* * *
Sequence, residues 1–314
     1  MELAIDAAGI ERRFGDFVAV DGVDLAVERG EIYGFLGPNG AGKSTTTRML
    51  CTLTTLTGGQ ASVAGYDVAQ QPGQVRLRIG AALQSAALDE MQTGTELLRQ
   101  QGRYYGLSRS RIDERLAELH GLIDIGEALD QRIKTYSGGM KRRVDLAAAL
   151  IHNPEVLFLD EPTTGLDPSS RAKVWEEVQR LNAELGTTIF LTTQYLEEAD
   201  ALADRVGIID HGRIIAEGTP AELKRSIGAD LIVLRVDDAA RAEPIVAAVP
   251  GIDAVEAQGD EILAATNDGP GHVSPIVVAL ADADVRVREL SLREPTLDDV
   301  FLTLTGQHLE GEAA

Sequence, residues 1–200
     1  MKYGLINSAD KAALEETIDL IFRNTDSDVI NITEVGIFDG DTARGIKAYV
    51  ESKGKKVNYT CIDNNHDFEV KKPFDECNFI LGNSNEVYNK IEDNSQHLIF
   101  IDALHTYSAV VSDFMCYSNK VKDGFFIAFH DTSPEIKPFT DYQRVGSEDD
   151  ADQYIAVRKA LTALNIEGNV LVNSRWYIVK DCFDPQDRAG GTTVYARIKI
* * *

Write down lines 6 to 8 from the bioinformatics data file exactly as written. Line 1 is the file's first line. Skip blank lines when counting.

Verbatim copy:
   201  ALADRVGIID HGRIIAEGTP AELKRSIGAD LIVLRVDDAA RAEPIVAAVP
   251  GIDAVEAQGD EILAATNDGP GHVSPIVVAL ADADVRVREL SLREPTLDDV
   301  FLTLTGQHLE GEAA